The majority of discount mortgages are only available for an introductory term (much like a tracker mortgage), after which you’ll be switched to the lender’s SVR. Many deals are also stepped, so you will get access to the best discount for a set term, before switching to a lesser discount for the remainder of the introductory period. Additionally, some discount mortgages are capped so that there is a rate they can’t fall below or increase above. Who is this type of mortgage for? People, such as first-time buyers, looking for a cheaper rate during an introductory period, who can accommodate paying more should the SVR increase.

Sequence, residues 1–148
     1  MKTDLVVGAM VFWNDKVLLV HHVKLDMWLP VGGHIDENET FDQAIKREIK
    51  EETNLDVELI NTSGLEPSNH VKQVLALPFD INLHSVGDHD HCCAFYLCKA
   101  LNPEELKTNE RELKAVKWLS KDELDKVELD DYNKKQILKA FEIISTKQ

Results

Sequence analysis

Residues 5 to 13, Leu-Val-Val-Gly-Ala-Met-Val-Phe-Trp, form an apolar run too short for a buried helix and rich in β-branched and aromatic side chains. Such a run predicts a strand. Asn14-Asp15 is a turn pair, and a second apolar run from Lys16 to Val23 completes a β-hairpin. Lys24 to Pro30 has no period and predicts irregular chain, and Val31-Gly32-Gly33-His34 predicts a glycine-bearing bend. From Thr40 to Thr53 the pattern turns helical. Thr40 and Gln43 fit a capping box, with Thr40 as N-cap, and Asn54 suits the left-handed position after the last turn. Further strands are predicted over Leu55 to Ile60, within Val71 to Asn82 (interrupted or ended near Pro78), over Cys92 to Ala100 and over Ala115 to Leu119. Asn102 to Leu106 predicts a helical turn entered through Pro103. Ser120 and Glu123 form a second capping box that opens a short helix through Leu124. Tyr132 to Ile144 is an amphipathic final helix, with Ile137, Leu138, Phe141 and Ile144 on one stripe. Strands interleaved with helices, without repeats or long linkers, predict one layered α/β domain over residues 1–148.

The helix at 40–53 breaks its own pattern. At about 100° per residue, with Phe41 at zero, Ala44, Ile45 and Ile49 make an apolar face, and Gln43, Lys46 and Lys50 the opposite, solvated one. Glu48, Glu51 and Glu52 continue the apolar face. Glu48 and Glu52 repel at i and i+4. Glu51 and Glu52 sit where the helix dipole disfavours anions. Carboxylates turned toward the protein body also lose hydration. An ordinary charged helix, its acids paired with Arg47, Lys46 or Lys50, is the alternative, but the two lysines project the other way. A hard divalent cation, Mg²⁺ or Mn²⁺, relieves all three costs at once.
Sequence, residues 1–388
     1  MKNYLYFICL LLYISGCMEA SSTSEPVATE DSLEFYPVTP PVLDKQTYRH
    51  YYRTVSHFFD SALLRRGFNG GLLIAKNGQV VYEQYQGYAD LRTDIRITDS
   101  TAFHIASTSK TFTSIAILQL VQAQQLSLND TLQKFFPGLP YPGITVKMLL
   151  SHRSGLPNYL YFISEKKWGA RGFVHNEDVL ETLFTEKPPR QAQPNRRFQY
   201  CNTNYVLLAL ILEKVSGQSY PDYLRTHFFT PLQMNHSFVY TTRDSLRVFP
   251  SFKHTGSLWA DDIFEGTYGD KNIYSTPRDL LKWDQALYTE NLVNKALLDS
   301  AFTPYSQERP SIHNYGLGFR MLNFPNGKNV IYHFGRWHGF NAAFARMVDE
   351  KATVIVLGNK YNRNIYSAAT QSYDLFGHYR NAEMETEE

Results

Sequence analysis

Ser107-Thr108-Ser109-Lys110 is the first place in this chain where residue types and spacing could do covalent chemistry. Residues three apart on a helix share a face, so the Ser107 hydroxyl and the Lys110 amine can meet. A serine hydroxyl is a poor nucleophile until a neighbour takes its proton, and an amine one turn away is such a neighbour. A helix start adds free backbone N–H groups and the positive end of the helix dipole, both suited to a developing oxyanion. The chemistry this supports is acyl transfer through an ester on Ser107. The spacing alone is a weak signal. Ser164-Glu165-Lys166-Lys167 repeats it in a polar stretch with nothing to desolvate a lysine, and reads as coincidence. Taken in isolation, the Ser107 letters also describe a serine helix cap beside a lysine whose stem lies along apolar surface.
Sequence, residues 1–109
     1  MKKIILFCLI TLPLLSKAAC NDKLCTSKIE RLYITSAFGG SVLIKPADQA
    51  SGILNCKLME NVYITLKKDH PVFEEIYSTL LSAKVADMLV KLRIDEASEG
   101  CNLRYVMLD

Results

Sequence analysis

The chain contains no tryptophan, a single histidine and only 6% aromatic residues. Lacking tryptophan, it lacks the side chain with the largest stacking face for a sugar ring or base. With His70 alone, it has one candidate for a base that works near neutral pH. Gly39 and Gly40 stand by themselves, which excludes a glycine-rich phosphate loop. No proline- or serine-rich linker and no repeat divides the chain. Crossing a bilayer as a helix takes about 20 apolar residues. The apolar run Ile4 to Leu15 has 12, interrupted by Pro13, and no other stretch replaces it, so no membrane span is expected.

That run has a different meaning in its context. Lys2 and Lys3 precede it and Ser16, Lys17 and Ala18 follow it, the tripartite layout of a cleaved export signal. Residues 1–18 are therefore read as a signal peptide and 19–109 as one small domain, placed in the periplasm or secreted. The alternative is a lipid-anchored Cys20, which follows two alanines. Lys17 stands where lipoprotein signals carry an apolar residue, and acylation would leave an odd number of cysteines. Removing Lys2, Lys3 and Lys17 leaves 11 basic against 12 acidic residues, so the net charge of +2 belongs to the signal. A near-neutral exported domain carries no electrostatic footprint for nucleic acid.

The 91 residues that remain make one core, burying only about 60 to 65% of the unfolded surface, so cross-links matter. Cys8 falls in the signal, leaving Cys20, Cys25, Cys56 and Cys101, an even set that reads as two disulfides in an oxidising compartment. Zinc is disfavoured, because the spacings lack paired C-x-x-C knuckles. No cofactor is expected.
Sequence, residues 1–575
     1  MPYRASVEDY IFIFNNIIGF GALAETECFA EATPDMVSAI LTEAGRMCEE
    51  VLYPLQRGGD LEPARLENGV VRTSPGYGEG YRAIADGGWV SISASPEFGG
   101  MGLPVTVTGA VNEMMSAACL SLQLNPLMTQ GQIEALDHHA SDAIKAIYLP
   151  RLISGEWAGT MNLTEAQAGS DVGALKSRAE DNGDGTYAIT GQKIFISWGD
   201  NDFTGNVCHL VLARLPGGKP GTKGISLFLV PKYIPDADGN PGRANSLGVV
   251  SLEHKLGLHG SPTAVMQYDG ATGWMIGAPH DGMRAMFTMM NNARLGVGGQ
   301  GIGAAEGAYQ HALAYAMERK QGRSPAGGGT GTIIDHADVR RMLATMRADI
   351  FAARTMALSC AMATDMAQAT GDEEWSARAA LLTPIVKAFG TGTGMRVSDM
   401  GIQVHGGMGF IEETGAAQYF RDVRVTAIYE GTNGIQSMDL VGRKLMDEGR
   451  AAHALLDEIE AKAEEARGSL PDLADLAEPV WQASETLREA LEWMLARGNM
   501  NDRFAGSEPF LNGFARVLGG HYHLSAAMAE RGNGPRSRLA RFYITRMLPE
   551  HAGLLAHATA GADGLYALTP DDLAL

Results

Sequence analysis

What is a capped-rate mortgage?

A capped-rate mortgage is a type of variable rate mortgage that will not rise above a certain rate, also known as a cap. These deals are most commonly available as SVR or tracker mortgages, which follow the standard model of these types but with a built-in cap. In the current climate, capped rates are quite rare for lenders to offer. The advantage of a capped-rate mortgage is that you’ll have the peace of mind that your repayments will never rise to a level you can’t afford. However, while some deals have no minimum rate, a lot of capped-rate mortgages also have something known as a collar, which is another cap that prevents your rate falling below a certain level. So, on one hand you may be protected from high rates, but there’s a possibility you won’t benefit from a low rate, either.